The Monetary Battle Continues

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Includes: FCX, GLD
by: Paul Nathan

I ended my previous article by stating:

A positive sign would be if gold leveled off in the next quarter. Gold has been signaling the recessionary/ disinflationary bias for over a year. Gold must stabilize if we are to nip this deflationary trend in the bud. I believe the 1535 level on gold is the line in the sand. Breach it and gold could be at 1350 or 1400 by year's end. And if that should happen, other commodities will go with it, followed by consumer and producer confidence.

So the recessionary/deflationary battle continues. Will the world's central banks successfully stave off deflation? Or will the markets overwhelm them? Watch the price of gold for a possible clue.

As of the end of July, the price of gold has stabilized, in fact it has rallied. Still, gold and some metal stocks continue to flirt with their 52 week lows and the rallies have been timid. The realization that we are slowly moving toward a 1% GDP-or worse-is pulling interest rates, employment, and prices down into an economic morass as consumers retrench.

In the midst of an era of unprecedented money creation we actually have tight money. Proof of this can be seen when comparing the 70's to the present. In the 70's, inflation increased progressively higher and higher, year after year, for a decade. Today, inflation rates are declining. Interest rates also climbed to historic highs in the 70's unlike today's historic lows. And while the velocity of money rose vigorously during the 70's, it is now virtually non-existent, and hasn't risen for years. In the 70's and 80's we fought credit expansion and inflation. Today it is de-leveraging and deflation that we have to ward off.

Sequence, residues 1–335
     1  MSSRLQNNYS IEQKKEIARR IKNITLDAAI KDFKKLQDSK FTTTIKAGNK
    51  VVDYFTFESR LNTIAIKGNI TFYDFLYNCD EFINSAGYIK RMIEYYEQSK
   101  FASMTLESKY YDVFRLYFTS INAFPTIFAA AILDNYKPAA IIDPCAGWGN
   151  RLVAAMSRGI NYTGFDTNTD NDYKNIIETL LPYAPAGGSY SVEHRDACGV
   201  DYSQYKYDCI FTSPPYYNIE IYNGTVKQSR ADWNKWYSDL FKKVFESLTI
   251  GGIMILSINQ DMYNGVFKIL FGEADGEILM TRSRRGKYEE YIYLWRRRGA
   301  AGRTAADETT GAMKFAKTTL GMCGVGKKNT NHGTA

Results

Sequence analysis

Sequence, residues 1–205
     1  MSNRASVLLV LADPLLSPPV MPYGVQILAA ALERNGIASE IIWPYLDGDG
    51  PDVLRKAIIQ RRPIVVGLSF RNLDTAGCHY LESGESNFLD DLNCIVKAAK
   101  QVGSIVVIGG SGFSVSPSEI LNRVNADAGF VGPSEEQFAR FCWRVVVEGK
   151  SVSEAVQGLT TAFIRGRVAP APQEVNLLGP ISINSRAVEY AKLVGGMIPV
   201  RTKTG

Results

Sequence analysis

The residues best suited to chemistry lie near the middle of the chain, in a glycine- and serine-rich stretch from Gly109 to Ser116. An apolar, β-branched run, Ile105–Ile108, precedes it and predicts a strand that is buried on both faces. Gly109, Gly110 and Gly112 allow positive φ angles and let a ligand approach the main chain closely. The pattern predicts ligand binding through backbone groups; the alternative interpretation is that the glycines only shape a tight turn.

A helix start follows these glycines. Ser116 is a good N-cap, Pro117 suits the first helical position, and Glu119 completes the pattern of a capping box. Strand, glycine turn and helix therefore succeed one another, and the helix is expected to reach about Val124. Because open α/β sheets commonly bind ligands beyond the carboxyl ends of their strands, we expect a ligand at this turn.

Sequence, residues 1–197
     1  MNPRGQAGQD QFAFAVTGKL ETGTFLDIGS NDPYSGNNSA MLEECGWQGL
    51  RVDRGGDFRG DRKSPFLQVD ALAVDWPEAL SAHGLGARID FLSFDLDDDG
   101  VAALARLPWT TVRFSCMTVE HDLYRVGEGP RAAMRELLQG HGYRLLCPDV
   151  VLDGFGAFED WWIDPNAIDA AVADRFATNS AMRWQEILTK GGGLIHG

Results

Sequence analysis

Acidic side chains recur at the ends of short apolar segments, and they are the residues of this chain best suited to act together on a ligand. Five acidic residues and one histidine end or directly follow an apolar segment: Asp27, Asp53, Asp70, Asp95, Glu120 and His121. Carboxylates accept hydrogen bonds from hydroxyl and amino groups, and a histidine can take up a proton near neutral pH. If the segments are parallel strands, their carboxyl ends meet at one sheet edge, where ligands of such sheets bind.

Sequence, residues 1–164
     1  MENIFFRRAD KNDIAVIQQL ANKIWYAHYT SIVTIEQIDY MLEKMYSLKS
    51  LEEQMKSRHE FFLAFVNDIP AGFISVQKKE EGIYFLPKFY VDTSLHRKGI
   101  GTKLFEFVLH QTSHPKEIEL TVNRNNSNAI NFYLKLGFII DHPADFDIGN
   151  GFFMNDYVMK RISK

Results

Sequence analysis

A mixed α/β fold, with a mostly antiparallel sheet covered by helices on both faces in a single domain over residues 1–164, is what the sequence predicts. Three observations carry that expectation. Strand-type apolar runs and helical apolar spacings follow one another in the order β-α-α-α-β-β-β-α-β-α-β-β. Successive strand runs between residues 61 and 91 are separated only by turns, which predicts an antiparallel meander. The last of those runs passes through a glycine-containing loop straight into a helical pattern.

As the world continues to spiral toward a deflationary recession, there will come a point where all central banks find it in their interest to launch a coordinated monetary response to the deflationary threat. Recent tendencies toward looser monetary policy by the U.S., Europe, China, and Japan, have paved the way for what I consider an anti-deflationary stance.

The central banks, especially when acting jointly, are powerful. They have as much power to move markets as presidents, prime ministers, legislators, or dictators. I don't know what the central bankers have up their sleeve for a last ditch effort to save the euro (or the world) from a deflationary recession, but the words of Mario Draghi, president of the European Central Bank, are telling:

Within our mandate, the ECB is ready to do whatever it takes to preserve the euro… believe me, it will be enough.

Whatever Draghi has in mind, I would not rule out the possibility that it involves changing the mandate. Investors will want to be in gold and silver stocks, as well as resource stocks, when that day arrives. We are ever closer to a coordinated world central bank move to fight what amounts to a growing recessionary deflationary threat to the world economy, and markets sense this. It will not come in the form of stimulus as much as prevention. In the 30's, central banks contracted the money supply. In today's world, central banks aim to increase money supply, but only to the degree that it does not affect long-term inflationary expectations, yet fights deflationary expectations.

Central bankers walk a tight rope and they will only move to reflate when absolutely necessary. Hence, a world in which we go right to the brink and then a safety net is thrown. For investors, that means buying when things look bleak, and selling when the "all clear" is sounded. I'll be watching both (NYSE:FCX) and (NYSEARCA:GLD) as barometers for where we are at. Both have come off their lows when monetary loosening statements were made from world central bankers. Actions will speak louder than words from here on.

Disclosure: I have no positions in any stocks mentioned, and no plans to initiate any positions within the next 72 hours.

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